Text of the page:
Assistant coaches come in all shapes and sizes in the MLB, but it’s not often they appear as near complete unknowns. Such is the case today, where the Mariners replaced well-established traditionalist Mel Stottlemyre Jr. with newcomer Paul Davis.
The Mariners have hired Paul Davis to be their new pitching coach. pic.twitter.com/nLW1janQ76— Ryan Divish (@RyanDivish) November 6, 2018
Since LL typically operates without much in the way of insider sources, there’s not a lot beyond the press release above that we have to go on. Paul Davis topped out as a Division-I baseball player at Creighton University, but seemingly made his way back to baseball after a stretch away from the game in the mid-90s. His background in psychology and education seems on-brand with Seattle’s holistic approach, which was recently detailed by Corey Brock of The Athletic ($) and meshes well with player development head Andy McKay. Davis spent 2018 as a roaming manager of pitching analytics for the Cardinals, presumably working with players at both the MLB and MiLB levels. Additionally, he’s been both the rehab pitching coach and the “Cardinals Pitching Mechanics Team Leader”. Beyond that, Davis has nearly two decades of coaching experience between college and minor league positions.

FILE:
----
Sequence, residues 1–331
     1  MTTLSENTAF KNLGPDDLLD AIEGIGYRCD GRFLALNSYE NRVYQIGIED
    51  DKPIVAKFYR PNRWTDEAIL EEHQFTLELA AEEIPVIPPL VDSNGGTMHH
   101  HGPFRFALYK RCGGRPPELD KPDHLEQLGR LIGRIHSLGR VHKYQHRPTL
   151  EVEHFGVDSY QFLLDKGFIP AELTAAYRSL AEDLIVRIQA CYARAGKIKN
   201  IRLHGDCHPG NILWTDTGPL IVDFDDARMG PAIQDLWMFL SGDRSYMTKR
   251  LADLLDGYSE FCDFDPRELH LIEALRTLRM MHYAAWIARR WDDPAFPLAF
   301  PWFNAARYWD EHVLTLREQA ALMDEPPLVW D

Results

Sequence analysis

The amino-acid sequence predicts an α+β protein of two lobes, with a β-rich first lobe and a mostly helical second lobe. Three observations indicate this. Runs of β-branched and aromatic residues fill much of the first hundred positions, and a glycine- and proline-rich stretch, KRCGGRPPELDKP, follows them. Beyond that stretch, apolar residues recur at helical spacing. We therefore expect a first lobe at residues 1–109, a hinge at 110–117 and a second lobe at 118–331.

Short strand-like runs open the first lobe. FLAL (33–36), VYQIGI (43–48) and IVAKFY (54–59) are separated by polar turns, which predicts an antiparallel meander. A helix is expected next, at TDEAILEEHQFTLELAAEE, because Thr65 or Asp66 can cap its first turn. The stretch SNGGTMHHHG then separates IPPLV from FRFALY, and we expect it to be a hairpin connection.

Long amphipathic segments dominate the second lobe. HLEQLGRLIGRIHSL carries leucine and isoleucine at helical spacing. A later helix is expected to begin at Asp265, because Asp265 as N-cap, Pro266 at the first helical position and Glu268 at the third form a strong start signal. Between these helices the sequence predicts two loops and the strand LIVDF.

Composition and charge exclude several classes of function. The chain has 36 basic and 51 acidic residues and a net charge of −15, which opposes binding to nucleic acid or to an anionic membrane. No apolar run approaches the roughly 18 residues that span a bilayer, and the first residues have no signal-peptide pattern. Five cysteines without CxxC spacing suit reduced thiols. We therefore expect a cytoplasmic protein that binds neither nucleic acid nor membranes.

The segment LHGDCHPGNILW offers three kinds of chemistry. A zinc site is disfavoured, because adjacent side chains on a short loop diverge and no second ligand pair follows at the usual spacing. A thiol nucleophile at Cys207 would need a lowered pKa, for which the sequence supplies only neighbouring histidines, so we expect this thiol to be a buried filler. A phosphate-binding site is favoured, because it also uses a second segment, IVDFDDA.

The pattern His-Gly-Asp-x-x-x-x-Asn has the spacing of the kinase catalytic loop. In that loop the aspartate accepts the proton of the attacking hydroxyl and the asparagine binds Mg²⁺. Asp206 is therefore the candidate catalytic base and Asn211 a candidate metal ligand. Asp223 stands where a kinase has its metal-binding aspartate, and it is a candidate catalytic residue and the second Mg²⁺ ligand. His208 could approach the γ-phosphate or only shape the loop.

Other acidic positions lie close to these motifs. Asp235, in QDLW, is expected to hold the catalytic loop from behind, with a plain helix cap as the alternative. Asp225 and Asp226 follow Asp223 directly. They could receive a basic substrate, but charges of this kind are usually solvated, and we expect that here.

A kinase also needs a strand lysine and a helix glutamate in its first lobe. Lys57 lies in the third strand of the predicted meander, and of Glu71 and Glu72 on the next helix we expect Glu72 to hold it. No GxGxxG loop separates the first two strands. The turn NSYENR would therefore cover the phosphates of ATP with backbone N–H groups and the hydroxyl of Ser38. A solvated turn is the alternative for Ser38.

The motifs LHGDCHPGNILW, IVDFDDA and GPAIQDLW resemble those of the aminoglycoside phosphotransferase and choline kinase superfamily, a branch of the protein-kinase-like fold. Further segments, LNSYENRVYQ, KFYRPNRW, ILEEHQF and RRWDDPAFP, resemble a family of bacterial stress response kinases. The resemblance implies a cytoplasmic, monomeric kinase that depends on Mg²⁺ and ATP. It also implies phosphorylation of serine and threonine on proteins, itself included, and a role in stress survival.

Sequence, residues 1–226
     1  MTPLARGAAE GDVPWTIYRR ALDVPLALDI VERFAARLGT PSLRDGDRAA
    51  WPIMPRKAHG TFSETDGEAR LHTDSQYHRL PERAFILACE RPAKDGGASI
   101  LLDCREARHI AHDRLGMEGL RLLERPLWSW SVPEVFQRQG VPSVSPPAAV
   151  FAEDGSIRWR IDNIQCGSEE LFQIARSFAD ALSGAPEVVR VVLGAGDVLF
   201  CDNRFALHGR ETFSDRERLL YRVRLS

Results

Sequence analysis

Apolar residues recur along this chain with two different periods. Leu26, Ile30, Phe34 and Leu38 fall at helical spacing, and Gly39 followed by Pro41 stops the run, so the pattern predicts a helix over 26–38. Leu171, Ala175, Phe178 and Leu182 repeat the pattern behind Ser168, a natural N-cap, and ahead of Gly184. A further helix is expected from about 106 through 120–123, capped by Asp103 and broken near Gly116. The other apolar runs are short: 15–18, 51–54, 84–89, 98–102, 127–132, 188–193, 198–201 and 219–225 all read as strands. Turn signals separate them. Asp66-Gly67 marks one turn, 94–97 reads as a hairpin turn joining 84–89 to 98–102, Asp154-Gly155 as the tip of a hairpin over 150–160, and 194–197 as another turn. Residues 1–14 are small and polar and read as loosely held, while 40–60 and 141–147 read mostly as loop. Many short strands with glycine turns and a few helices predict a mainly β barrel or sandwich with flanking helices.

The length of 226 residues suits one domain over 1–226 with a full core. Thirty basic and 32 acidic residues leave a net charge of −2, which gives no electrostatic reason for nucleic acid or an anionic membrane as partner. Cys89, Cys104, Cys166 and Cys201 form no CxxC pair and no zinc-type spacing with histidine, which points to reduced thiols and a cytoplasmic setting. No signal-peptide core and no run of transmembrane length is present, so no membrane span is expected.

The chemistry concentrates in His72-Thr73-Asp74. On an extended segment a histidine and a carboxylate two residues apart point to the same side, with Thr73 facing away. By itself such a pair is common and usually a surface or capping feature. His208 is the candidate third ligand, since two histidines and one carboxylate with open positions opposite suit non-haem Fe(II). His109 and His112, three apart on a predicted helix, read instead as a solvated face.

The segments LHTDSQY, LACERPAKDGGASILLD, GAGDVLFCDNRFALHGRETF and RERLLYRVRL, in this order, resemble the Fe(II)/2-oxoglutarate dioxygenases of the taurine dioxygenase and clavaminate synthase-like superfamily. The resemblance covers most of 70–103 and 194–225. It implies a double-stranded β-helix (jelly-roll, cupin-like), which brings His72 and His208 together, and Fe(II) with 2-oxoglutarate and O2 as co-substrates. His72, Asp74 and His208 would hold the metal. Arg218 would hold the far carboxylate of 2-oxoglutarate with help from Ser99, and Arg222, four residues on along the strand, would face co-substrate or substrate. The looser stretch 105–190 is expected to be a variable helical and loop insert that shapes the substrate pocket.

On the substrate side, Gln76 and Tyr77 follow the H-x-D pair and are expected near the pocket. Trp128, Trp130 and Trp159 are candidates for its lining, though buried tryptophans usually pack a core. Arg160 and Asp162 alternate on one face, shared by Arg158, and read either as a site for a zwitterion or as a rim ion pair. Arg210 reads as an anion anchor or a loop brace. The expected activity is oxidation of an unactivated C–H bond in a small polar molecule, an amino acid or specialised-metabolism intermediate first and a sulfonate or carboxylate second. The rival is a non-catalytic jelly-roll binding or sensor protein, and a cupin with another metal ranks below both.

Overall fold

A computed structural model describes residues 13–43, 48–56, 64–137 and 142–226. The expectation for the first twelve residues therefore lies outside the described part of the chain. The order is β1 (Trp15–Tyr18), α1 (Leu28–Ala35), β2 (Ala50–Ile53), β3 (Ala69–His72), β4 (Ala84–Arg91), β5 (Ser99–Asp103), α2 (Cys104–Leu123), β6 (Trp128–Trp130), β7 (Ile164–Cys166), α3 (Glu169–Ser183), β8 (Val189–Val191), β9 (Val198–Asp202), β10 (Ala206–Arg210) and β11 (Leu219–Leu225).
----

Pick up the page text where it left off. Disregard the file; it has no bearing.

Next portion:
What seemingly appeals to the Mariners is the blend of pro-level experience, psychological and pedagogical training, and a history of work in biomechanical training.
Great having St. Louis Cardinals Paul Davis (Biomechanics Pitching Speciaist) here at The Sandlot going through some movements with our athletes. Always learning, always developing here. pic.twitter.com/aY0lA5Br7z— Brett Huber (@B_Hube38) December 1, 2017
What will be interesting to follow is how Davis meshes with the two other pitching coaches on staff. Davis joins new Angels pitching coach Doug White as the only other head pitching coach currently employed without professional playing experience. Brian DeLunas has been, seemingly, a strong positive influence on the staff, even in the face of significant obstacles, while former MLB stalwart Jim Brower offers a balanced array of expertise as well. Will Davis consistently be the Mariners representative on mound visits? And how big an influence will Davis have on what may soon be a dramatically different looking Mariners roster?